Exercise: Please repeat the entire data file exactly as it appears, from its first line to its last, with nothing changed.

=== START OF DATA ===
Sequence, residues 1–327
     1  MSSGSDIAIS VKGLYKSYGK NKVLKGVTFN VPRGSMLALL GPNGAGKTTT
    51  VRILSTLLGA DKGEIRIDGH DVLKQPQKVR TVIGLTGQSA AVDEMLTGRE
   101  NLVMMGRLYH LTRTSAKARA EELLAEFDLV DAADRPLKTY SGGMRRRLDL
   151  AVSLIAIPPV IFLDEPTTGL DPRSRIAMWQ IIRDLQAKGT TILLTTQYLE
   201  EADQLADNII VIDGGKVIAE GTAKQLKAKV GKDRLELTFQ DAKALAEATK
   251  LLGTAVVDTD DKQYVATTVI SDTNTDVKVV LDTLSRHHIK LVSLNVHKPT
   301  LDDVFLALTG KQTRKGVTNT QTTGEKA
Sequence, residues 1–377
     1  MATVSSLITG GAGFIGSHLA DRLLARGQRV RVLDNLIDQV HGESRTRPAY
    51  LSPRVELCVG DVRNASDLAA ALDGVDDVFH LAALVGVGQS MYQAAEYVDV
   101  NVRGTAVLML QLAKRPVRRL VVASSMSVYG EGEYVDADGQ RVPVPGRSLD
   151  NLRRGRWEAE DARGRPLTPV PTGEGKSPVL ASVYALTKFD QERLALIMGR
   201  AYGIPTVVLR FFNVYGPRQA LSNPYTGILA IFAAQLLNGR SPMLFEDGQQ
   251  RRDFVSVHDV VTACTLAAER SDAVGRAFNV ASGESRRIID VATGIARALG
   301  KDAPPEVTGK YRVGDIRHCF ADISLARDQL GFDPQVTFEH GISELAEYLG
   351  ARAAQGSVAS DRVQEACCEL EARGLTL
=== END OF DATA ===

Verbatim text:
Sequence, residues 1–327
     1  MSSGSDIAIS VKGLYKSYGK NKVLKGVTFN VPRGSMLALL GPNGAGKTTT
    51  VRILSTLLGA DKGEIRIDGH DVLKQPQKVR TVIGLTGQSA AVDEMLTGRE
   101  NLVMMGRLYH LTRTSAKARA EELLAEFDLV DAADRPLKTY SGGMRRRLDL
   151  AVSLIAIPPV IFLDEPTTGL DPRSRIAMWQ IIRDLQAKGT TILLTTQYLE
   201  EADQLADNII VIDGGKVIAE GTAKQLKAKV GKDRLELTFQ DAKALAEATK
   251  LLGTAVVDTD DKQYVATTVI SDTNTDVKVV LDTLSRHHIK LVSLNVHKPT
   301  LDDVFLALTG KQTRKGVTNT QTTGEKA
Sequence, residues 1–377
     1  MATVSSLITG GAGFIGSHLA DRLLARGQRV RVLDNLIDQV HGESRTRPAY
    51  LSPRVELCVG DVRNASDLAA ALDGVDDVFH LAALVGVGQS MYQAAEYVDV
   101  NVRGTAVLML QLAKRPVRRL VVASSMSVYG EGEYVDADGQ RVPVPGRSLD
   151  NLRRGRWEAE DARGRPLTPV PTGEGKSPVL ASVYALTKFD QERLALIMGR
   201  AYGIPTVVLR FFNVYGPRQA LSNPYTGILA IFAAQLLNGR SPMLFEDGQQ
   251  RRDFVSVHDV VTACTLAAER SDAVGRAFNV ASGESRRIID VATGIARALG
   301  KDAPPEVTGK YRVGDIRHCF ADISLARDQL GFDPQVTFEH GISELAEYLG
   351  ARAAQGSVAS DRVQEACCEL EARGLTL